I'm always looking for ways to map hot technologies to fun, educational classroom use. One of the most interesting, and potentially disruptive, technologies over the past few years is cryptocurrencies. In the early days, one could profitably mine some of the most popular cryptocurrencies, like Bitcoin, using a home PC. But as cryptocurrency mining has become more popular, thanks in part to dedicated mining hardware, the algorithms governing it have boosted computational complexity, making home PC mining often impractical, unprofitable, and environmentally unwise.
More on Raspberry Pi
For educational purposes, students could still learn how to mine cryptocurrencies, but the motivational thrill of potentially making "big money" is diminished. Plus, the minuscule earnings may not be enough to cover transaction fees, which minimizes the post-mining educational aspects of buying, selling, and holding cryptocurrencies.
Further, a PC is needed to do this mining. At many schools, students don't have access to their own PCs, and the electricity costs, either at home or in a funding-strapped school, could make mining prohibitive.
Mining on a Raspberry Pi
Alternatively, what if mining could be done (perhaps even profitably) on a Raspberry Pi? Raspberry Pis are great for educational use because every student can have their own computer for $35. Further, the Raspberry Pi sips electricity, making it an energy-efficient choice for always-on use. That's the good news. The bad news is that the computational power of a Raspberry Pi is much less than that of a traditional PC.
Hope is not lost, however. While many of the most popular cryptocurrencies use computationally intensive proof-of-work systems that enable them to mine faster and earn more than their competitors, there are other cryptocurrencies based on other proofs.
One example is Storj, which uses a proof-of-retrievability system. With Storj, users "rent out" spare disk space and get paid monthly in Storj coin. Think of Storj as an open source and decentralized Amazon S3: Instead of paying a cloud provider to store files, Storj users pay to store files on the decentralized Storj network, which is run by everyone mining Storj (Storj calls this mining activity "farming"). The more a Storj farmer shares and the more available the storage is (e.g., isn't powered off at night), the more the farmer gets paid. Since this proof is coupled to storage capacity and availability rather than CPU power, a Raspberry Pi could be well-suited for farming Storj, especially considering its low power consumption.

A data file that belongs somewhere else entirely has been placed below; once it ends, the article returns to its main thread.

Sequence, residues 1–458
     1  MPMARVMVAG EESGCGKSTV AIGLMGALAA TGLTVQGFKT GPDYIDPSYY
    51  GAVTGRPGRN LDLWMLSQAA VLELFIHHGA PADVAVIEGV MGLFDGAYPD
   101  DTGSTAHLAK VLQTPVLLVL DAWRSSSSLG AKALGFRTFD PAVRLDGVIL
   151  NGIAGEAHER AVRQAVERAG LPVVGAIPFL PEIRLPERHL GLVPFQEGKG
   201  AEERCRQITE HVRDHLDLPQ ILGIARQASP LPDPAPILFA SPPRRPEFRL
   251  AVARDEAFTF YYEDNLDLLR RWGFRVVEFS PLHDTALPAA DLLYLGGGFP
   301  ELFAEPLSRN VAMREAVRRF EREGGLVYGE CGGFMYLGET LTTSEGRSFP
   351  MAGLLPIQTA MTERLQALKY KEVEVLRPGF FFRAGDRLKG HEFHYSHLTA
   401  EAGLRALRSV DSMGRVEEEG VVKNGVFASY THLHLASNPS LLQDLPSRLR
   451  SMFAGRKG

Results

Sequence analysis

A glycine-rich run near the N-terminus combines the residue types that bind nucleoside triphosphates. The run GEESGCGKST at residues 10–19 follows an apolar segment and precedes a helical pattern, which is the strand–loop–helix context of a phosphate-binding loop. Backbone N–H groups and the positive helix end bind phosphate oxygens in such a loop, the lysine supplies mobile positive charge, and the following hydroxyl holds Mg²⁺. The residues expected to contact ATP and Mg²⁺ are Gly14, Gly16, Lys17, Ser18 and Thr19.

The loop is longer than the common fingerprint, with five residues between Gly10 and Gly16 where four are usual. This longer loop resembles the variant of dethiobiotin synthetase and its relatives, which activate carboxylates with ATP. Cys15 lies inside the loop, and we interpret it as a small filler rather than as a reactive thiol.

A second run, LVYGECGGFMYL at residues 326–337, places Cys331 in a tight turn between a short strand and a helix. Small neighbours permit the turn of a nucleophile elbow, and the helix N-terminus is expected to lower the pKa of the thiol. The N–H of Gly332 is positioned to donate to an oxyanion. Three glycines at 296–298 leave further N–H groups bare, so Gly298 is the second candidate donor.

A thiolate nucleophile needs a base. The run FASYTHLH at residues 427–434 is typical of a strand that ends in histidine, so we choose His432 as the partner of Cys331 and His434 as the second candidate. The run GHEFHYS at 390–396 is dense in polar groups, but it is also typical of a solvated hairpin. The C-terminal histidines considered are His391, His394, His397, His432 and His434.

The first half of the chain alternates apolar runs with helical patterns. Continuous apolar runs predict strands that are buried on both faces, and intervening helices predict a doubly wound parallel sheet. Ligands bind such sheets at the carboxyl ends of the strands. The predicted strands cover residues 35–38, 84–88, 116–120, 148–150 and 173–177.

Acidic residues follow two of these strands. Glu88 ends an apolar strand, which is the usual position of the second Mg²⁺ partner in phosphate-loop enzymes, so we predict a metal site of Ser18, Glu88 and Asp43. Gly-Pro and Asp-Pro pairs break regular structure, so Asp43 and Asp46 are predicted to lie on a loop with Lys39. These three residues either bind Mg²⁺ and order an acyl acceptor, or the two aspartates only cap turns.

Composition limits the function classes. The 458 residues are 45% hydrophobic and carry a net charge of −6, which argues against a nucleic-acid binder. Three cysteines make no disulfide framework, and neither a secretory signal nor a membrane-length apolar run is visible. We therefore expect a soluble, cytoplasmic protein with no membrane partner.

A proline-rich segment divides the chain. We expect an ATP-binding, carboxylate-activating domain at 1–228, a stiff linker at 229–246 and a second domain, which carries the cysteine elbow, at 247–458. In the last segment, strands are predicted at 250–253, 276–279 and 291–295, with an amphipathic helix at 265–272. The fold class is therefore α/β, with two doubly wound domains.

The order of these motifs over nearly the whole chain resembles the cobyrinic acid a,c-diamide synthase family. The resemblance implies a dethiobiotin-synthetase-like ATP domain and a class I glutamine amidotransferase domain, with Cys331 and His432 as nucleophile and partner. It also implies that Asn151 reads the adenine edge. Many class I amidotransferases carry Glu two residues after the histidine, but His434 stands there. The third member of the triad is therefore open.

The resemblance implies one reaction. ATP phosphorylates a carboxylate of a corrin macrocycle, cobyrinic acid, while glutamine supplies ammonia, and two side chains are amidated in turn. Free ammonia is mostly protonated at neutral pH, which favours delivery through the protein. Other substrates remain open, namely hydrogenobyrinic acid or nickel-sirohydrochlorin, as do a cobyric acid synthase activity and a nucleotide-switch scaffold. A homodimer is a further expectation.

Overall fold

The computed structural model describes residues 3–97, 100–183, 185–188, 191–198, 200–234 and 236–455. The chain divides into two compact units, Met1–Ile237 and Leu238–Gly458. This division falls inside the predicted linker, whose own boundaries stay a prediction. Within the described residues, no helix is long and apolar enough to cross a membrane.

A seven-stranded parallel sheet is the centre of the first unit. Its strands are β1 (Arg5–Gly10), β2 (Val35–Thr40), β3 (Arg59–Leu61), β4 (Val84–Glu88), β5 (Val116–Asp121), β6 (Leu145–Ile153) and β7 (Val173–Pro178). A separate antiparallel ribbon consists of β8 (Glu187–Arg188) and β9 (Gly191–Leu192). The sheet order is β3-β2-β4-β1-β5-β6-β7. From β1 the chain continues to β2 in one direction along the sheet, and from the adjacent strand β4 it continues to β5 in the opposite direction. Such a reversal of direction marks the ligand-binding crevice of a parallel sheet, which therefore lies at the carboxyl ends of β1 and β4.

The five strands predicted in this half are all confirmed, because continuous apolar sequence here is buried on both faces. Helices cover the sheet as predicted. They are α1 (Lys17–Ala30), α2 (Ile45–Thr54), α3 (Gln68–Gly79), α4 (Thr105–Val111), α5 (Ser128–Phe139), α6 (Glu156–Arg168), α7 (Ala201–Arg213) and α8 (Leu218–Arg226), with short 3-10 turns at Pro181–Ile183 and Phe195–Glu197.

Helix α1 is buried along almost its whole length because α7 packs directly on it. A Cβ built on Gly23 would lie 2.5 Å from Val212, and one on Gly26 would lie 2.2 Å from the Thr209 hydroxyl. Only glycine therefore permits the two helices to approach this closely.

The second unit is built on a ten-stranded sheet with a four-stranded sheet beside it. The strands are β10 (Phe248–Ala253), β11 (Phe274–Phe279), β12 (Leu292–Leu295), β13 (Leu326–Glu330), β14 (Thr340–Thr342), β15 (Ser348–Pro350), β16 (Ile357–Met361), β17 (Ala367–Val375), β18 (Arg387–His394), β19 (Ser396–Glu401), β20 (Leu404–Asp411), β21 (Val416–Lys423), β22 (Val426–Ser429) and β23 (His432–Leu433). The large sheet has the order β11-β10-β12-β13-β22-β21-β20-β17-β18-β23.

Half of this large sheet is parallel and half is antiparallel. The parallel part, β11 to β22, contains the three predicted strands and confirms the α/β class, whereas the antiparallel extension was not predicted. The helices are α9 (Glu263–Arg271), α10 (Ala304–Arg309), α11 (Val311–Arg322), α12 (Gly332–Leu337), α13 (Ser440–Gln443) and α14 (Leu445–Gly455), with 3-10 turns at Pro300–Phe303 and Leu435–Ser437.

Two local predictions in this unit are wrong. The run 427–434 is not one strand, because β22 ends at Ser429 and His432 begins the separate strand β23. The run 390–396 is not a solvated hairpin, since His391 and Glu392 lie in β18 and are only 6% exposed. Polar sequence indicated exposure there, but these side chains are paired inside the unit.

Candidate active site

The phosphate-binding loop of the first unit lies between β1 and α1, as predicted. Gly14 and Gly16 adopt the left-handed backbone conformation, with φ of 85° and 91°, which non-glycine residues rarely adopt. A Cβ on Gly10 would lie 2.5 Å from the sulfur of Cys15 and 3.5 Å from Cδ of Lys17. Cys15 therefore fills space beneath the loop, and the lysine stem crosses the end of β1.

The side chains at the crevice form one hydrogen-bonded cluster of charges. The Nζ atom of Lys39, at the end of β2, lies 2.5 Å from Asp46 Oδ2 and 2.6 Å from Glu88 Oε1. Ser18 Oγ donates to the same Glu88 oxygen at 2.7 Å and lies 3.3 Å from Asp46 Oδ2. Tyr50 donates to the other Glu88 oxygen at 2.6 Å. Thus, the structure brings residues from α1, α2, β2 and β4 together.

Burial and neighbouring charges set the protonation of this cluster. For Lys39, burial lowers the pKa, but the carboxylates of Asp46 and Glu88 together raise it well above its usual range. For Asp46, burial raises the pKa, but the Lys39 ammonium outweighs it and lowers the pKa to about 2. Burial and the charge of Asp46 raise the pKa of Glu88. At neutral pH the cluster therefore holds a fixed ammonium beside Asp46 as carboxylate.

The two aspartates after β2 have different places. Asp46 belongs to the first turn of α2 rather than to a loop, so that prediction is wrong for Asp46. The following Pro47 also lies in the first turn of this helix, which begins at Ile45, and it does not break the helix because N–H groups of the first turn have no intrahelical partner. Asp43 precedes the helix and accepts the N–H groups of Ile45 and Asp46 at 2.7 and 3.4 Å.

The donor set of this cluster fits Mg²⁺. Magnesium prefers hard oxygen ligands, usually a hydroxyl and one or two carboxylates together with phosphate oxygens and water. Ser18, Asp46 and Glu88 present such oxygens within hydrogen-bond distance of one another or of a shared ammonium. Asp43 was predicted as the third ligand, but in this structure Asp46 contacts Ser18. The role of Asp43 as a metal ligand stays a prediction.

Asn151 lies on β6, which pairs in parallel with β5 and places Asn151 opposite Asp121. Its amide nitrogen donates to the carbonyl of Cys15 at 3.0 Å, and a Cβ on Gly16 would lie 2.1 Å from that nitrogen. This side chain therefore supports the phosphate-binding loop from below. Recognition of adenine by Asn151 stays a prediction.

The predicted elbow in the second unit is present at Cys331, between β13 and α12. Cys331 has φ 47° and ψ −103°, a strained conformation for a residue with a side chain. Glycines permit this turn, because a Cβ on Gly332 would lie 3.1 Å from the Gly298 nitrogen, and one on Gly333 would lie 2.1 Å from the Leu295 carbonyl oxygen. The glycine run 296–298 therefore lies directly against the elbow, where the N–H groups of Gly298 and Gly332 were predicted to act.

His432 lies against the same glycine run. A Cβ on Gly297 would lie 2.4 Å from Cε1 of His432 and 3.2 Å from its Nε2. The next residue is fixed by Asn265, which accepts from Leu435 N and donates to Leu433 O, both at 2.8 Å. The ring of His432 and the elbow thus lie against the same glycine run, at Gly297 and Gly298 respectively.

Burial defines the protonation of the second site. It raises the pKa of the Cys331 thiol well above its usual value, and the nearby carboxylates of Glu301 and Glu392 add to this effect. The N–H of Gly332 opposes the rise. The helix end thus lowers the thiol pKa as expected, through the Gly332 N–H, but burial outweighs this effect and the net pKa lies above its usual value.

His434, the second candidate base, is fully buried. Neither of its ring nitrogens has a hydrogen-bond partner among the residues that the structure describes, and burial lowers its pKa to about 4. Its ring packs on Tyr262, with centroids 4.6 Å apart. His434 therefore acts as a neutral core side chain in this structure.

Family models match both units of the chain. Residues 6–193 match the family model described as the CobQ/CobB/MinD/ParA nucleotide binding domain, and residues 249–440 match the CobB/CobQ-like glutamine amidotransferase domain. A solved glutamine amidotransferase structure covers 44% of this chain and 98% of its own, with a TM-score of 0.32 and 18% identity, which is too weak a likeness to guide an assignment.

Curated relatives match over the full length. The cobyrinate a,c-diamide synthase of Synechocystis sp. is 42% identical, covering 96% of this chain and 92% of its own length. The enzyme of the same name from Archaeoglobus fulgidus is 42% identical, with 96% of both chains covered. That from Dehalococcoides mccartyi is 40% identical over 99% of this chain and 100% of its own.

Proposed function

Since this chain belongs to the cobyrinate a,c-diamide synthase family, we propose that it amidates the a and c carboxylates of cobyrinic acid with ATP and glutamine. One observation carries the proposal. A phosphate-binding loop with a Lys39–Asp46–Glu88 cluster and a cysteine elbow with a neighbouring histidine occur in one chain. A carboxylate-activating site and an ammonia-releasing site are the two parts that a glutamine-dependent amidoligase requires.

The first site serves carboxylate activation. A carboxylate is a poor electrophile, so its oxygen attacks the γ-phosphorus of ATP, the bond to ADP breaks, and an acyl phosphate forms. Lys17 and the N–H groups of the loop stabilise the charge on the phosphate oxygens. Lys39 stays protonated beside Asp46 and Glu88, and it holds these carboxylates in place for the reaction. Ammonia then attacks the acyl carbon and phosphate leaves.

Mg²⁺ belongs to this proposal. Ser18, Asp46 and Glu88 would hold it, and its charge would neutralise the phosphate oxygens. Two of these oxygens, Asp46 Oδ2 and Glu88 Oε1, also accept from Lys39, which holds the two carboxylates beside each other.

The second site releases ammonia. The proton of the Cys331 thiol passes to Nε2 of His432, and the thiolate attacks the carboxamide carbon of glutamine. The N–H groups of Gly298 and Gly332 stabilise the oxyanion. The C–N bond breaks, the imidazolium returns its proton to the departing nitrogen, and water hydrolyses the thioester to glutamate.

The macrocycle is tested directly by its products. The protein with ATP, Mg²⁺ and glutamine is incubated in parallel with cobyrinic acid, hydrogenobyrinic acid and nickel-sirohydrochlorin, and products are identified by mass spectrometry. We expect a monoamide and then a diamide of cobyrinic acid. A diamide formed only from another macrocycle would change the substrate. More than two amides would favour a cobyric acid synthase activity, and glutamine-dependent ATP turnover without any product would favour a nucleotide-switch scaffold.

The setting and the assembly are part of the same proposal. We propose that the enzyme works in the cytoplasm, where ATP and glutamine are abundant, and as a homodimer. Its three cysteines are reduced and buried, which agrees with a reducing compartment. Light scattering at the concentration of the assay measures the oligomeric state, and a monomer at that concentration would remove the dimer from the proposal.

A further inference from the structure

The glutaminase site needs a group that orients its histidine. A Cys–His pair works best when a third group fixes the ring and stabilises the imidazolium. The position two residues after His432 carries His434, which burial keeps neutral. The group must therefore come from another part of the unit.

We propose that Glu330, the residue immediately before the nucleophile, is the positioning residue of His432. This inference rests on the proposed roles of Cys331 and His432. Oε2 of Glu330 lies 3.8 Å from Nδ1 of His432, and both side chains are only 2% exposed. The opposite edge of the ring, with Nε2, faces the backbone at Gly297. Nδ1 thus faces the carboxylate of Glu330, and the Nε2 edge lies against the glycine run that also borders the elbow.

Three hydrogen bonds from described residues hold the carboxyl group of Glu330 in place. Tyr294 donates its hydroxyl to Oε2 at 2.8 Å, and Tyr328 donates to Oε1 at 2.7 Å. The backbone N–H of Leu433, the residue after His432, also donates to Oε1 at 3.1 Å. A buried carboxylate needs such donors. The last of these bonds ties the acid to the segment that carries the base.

Getting started with Storj
To start farming Storj, you run a client on your traditional PC and share out your spare disk space. Setup on a Raspberry Pi is a little more involved, but it is well-documented. The trickiest part is getting the networking configured properly. Storj also offers an interactive chat system staffed by community volunteers who are eager to help.
How do you get paid? Every month, a formulaic payout is made to the Storj public address provided when running the farming client. In my case, I farmed 50 GB of my Raspberry Pi’s 64 GB MicroSD card for a month and a half and earned about 20 Storj coins, worth about $16 at the time of this writing. One way to look at it is that my experiment paid for the MicroSD card, or for about half of the Raspberry Pi.
Even though I didn't get rich over this experiment, I found it intellectually enriching. It showed that "real money" can be made, which could get the attention of students, and possibly fund their computer science labs for more Raspberry Pis.
When I was a student, I enjoyed learning about computers and investing using programs like Lemonade Stand on an Apple II. To help fund school programs, I sold pizzas, subs, candy, and magazines to family and neighbors. Today, students can learn about computers and investing and fund their school computer science labs by farming Storj on Raspberry Pis. What exciting times we live in!